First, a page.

Washington Football Team coach Ron Rivera 'beyond frustrated' by low vaccination rate of his players

RICHMOND, Va. -- Washington Football Team coach Ron Rivera said he's "beyond frustrated" with his players' lower vaccination rate and worries about the potential impact it will have on their team.

Rivera said more than 50% of Washington's players have been vaccinated against COVID-19 as they reported to training camp Tuesday.

"We're not where we want to be," he said.

But Rivera, who was diagnosed with a form of skin cancer last August and underwent treatments during the season, said he's immunodeficient.

"With the new variant, who knows?" Rivera said of the Delta variant. "When I'm in a group and the group's not vaccinated or there's a mixture, I put the mask on, and I do that for health reasons because nobody really knows. I have to do that. And I just wish and I hope that our guys can understand that."

As of Tuesday morning, the NFL said 85% of its players are vaccinated (at least one shot) and 14 clubs are over 90% vaccinated, sources told ESPN, confirming an NFL Network report.

On Tuesday, Washington placed offensive tackle Cornelius Lucas on the reserve/COVID-19 list.

Last season, Washington had only two players test positive for the virus during the season -- and neither was on the 53-man roster. They fined quarterback Dwayne Haskins for inviting a guest to stay at the team hotel on the road, a violation of their protocol. They later fined Haskins for being at a party in a hotel without a mask on.

That's why Rivera considered Washington a leader in the battle against COVID-19 last season.

"Now, for whatever reason, we have some reluctance to do that, to get the vaccine," Rivera said. "These young men have to make the decision for themselves. Hopefully they can understand how impactful not getting the vaccine is, and you'd like to believe with all the news that's been out there in terms of the fact that people are being hospitalized, that are dying from COVID right now, are those that aren't vaccinated."

In the spring, Harvard immunologist Kizzmekia S. Corbett, considered a leading coronavirus researcher, spoke to Washington's players and answered questions. Rivera said he will continue to talk to players individually to assess their reluctance. He said they will not have unvaccinated players wear anything in practice that signifies their status.

"A lot of guys have a lot of questions, unfortunately," Rivera said. "They haven't gotten the answers that they should have by now. We need to make sure we can inform them and help them make an educated decision.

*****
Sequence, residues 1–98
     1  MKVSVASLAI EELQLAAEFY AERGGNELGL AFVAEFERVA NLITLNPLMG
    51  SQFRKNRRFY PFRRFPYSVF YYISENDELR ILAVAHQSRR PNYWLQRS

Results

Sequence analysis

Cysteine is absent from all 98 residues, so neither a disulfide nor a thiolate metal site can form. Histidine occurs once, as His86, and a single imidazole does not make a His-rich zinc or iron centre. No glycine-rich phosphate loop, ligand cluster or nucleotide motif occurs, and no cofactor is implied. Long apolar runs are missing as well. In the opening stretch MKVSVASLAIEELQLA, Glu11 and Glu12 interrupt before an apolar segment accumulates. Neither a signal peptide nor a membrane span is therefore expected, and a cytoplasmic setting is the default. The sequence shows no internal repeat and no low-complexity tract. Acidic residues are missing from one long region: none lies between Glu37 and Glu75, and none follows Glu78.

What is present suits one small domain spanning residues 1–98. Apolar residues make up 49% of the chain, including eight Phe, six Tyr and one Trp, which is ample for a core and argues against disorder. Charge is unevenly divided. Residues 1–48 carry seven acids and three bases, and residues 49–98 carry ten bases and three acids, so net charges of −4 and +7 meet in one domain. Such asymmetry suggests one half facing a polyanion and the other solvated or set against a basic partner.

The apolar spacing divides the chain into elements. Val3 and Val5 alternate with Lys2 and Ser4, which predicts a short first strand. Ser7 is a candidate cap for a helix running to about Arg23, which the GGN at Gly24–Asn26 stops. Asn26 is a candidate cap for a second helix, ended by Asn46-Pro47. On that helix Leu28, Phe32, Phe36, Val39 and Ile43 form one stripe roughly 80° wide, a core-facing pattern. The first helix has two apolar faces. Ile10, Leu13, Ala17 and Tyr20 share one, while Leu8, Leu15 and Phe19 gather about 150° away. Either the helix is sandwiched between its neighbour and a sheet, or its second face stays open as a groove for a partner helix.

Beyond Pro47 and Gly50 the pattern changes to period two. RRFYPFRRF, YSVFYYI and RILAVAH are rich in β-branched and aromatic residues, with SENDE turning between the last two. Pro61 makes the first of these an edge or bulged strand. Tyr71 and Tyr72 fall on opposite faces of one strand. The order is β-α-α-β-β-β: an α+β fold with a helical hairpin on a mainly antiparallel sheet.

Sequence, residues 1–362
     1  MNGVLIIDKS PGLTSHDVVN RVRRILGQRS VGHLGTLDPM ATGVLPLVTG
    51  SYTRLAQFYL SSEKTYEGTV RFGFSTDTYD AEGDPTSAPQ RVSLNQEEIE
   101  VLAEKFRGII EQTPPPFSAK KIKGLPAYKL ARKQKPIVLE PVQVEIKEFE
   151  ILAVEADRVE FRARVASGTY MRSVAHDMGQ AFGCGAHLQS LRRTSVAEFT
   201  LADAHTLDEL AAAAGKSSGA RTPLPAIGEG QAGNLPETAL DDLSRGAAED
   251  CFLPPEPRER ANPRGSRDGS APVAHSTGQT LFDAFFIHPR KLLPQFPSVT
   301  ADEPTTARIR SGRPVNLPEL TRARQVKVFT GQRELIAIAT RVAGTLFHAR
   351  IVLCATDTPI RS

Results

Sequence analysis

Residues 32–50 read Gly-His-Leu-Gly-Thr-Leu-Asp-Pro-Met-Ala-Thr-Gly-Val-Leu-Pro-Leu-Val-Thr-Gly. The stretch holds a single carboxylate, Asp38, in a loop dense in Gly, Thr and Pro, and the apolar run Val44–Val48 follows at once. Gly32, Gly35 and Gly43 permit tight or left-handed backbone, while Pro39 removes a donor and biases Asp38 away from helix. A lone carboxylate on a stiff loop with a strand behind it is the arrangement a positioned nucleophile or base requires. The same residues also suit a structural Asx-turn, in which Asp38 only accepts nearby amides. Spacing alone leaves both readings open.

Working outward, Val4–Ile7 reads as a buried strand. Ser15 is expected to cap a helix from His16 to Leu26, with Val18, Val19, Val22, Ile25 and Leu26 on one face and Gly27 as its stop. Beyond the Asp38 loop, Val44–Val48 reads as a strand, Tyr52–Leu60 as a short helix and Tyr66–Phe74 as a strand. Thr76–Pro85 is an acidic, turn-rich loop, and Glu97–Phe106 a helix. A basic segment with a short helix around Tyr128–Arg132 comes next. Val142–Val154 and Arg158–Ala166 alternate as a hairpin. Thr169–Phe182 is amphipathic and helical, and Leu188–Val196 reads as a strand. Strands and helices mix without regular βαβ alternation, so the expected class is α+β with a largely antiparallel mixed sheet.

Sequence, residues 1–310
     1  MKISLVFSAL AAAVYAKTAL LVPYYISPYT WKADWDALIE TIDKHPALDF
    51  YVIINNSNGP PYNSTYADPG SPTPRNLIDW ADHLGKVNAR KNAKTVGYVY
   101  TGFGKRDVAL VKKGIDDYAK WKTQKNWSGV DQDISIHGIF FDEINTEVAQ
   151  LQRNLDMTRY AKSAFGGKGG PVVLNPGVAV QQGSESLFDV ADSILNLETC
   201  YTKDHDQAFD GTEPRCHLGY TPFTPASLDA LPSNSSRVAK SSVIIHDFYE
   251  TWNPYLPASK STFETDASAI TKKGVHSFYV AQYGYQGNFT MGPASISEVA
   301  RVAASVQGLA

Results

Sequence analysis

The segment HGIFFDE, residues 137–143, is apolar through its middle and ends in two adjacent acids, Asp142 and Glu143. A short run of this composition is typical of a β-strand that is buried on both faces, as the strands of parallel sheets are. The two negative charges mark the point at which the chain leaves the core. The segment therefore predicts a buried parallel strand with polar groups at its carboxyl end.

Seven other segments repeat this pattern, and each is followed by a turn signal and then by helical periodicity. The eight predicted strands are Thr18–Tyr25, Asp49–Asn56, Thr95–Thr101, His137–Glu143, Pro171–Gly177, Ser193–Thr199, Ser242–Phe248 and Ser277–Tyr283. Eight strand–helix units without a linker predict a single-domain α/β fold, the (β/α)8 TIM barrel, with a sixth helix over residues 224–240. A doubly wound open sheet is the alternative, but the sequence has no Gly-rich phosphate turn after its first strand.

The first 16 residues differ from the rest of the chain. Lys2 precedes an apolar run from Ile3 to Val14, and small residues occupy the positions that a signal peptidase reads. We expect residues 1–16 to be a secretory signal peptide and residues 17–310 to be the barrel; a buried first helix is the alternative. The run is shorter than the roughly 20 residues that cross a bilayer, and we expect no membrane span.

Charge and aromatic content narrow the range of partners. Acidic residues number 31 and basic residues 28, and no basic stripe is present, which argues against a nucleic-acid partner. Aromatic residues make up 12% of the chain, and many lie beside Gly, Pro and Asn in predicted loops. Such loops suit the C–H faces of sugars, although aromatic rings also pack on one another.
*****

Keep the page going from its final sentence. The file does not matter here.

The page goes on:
"I'm not going to tell anybody what to do; I'm going to try to understand them and give them some reasons why I think it'll be a good thing. We'll see how it goes. I hope we can get to these guys and get them to understand, really, it's not just for them, but it's for the people around them, and that's the thing, hopefully, that will get their attention."

Rivera said the potential disadvantage comes in preparation -- if a player is going to miss two weeks during the season. Or if a player tests positive for COVID-19 on the day before a game, possibly infecting others at his position.

"That's going to shake your team up," Rivera said. "We saw what happened, unfortunately, to Denver last year. They had to start a wide receiver at quarterback. You don't want to be in that situation. We don't want to be in that situation, so it could be a huge, huge disadvantage. And the hard part, too, that they've got to think about is based on the rules -- you're risking not just your paycheck but other people's paychecks, too, if there's no game played. I think that's something that we all have to think about."

NFL commissioner Roger Goodell warned teams that they could forfeit a game if there's an outbreak among unvaccinated players. Rivera said that sort of situation could lead to tension in the locker room.

Washington finished 7-9 last season but won five of its last seven games to win the NFC East. It enters training camp considered by many a favorite to repeat.

"It is everybody's choice, everybody's decision," Rivera said, "but you just hope that they all fall in line and understand what's at stake."

Rivera gave his first in-person news conference since the scouting combine in 2020, which gave the start of camp a bit of normalcy. However, the media was seated 12 feet away and needed to be masked as long as Rivera was in the room. It provided a reminder of the situation in which the NFL, and society, remains.

"But the thing that still looms over our head, unfortunately, is the whole COVID situation," Rivera said in general. "We have to figure that out and we have to understand that. We do -- as a football team, as individuals, we have to understand what's truly at stake in terms of opportunities going forward and we'll see. We'll see how it all unfolds, and to some degree this tells us a little about us."